The Secrets of the Shoulder Season
|The price may go down in the summer, but the view underwater is just as rich (Corel)|
Central American countries are subject to heavier rains than some of the Caribbean islands, but once again, that doesn’t mean you’ll get pummeled. Plus this area tends to be cheaper than the heavier-traveled Caribbean islands even though you’ll still find all the beauty and opportunity for adventure. After all, places like Costa Rica, Belize, and Honduras share much of that Caribbean coastline.
The rainy season technically begins in May and lasts until October in Honduras, but it rains pretty much all year on the Caribbean coast, with the wettest months coming in September. Honduras is famous for its diving—both cheap and spectacular—so if you’re looking to stretch your dollar on dives, this is the place to go. The Bay Islands, like Roatan, have dive shops stacked chockablock with ridiculously good bargains—sometimes as low as $15 a dive including equipment. Hit places like the Barbareta Wall, three miles offshore from Roatan, where you’ll find an uninhabited, hilly island with coral gardens, a mile-long wall, and white-sand beaches. Another highlight: West End Wall. This dramatic precipice will give you vertigo as you float over it, ogling sponges and rays. Check out Roatan Online’s diving page (www.roatanonline.com/divers_page.htm) for links to dive operators and packages in Honduras.
If diving isn’t quite your thing, Honduras has plenty of rafting, such as on the Rio Cangrejal near La Ceiba (Jungle River Rafting: 504-440-1268; firstname.lastname@example.org). Who cares if it’s raining when you’re bouncing through Class IV rapids—you’ll be getting wet regardless. And as this is the most mountainous country in Central America, there are plenty of opportunities to go hiking as well, especially in Pico Bonito National Park.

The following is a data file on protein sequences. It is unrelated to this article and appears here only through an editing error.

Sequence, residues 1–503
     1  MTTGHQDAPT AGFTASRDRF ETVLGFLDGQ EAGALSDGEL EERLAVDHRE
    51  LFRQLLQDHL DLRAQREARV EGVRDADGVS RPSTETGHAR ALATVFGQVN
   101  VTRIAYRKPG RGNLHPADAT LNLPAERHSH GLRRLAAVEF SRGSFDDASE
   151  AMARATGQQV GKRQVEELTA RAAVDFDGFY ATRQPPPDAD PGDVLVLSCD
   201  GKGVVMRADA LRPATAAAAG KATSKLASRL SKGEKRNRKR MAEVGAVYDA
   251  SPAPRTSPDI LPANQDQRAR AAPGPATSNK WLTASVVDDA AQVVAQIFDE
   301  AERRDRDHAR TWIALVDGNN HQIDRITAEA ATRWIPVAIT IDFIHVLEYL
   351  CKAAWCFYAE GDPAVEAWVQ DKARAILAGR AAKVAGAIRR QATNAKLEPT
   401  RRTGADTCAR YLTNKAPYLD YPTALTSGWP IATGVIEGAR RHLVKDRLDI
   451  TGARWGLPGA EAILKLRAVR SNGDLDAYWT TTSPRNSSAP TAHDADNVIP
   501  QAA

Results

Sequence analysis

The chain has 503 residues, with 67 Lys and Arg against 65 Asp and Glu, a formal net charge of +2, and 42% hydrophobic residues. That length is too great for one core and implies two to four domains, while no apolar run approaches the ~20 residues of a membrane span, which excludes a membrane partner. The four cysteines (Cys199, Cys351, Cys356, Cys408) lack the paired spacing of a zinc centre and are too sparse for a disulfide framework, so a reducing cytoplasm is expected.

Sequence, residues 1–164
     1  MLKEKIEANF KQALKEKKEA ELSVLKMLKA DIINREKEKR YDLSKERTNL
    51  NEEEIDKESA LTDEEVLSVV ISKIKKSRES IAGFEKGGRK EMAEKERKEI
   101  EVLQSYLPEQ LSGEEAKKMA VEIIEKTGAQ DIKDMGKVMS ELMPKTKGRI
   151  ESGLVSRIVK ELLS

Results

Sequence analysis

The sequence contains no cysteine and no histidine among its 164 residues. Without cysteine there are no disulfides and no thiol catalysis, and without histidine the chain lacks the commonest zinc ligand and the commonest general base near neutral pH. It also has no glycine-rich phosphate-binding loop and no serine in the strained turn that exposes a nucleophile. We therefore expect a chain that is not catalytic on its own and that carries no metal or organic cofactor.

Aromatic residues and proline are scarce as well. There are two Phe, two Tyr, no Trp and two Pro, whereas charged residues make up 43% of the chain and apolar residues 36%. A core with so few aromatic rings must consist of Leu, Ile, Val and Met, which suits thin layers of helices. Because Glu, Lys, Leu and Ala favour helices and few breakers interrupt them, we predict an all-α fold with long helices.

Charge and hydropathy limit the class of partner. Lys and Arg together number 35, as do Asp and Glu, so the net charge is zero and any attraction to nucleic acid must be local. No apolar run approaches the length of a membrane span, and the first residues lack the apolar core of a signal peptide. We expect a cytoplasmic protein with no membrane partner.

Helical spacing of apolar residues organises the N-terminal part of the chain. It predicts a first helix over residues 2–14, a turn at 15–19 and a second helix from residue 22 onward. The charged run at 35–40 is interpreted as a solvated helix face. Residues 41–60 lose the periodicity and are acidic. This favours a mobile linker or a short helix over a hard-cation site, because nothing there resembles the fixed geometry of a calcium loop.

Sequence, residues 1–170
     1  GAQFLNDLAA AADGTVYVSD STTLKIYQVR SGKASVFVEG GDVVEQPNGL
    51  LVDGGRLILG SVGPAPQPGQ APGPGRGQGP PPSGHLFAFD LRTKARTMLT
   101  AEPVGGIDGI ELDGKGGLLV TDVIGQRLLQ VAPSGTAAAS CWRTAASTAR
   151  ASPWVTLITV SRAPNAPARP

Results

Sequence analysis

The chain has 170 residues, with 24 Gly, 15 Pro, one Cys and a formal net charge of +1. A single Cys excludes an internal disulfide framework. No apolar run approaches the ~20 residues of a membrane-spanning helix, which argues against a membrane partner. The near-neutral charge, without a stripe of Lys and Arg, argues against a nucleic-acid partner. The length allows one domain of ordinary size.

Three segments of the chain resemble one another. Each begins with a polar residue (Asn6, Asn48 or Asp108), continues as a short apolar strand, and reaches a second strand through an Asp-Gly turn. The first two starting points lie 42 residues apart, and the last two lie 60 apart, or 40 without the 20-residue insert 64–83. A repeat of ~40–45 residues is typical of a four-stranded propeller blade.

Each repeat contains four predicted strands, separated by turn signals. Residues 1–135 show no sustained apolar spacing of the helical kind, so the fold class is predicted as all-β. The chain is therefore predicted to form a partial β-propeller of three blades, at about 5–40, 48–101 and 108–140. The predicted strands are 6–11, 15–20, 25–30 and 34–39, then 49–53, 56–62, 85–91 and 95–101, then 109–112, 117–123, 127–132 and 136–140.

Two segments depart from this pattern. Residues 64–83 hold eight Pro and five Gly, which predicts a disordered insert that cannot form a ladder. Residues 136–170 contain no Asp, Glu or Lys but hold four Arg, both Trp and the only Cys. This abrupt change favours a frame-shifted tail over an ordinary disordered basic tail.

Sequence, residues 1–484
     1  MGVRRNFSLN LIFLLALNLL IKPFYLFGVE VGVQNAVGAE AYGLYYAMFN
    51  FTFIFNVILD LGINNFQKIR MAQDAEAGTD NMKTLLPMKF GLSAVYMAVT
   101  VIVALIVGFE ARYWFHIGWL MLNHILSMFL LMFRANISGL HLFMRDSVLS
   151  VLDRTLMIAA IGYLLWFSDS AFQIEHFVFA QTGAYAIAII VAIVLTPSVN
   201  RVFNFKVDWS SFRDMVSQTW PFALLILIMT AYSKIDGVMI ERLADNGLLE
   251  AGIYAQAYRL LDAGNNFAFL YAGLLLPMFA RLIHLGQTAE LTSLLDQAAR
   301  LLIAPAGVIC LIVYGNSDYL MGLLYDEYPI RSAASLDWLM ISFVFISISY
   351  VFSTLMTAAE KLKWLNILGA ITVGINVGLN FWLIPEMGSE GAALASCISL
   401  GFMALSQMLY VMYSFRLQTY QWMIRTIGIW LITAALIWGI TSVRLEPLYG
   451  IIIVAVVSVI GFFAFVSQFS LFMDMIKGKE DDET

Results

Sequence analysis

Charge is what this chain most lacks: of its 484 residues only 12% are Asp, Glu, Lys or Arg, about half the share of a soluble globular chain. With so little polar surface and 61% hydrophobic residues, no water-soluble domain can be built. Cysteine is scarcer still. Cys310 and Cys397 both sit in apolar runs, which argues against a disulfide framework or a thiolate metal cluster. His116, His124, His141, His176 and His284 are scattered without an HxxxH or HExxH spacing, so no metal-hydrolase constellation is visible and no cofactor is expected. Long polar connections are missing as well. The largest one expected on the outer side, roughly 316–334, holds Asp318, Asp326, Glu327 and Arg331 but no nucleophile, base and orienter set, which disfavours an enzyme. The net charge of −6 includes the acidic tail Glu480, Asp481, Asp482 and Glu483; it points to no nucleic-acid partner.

Belize is perhaps more Caribbean than Central American as this tiny country lives for the water. The dry season officially ends in May, but July and August see considerably less rain than June and September. Go during the high season and you’ll pay out the wazoo for hotel rooms and activities. Go in the beloved shoulder season, though, and you can have the best of both worlds—good weather, better bargains. Start out on the Cayes, the outer islands, where the Belize Reef—the second largest in the world after the Great Barrier—is one-stop central for all your water-sport needs. Mayan ruins will give you your cultural fix while you’re waiting for your skin to dry. Then hop in a canoe and paddle the Macal, Mopan, and Belize rivers around San Ignacio, or go tubing (bring the beer!) for $25 through caves along the Rio Chiquibul (Casa Maya Ecolodge: www.awrem.com/casamaya; 877-833-0679). The largest protected area in Belize, the Mountain Pine Ridge Forest Sanctuary (www.ambergriscaye.com/pages/town/parkmountainpineridge.html), is a good spot to lace up the boots and go for a hike. Five Sister’s Lodge (www.fivesisterslodge.com), in the midst of the national reserve, offers doubles starting at $55 a night, and cabanas at $75 a night—$30 off the winter rates.
Details mentioned in this article were accurate at the time of publication
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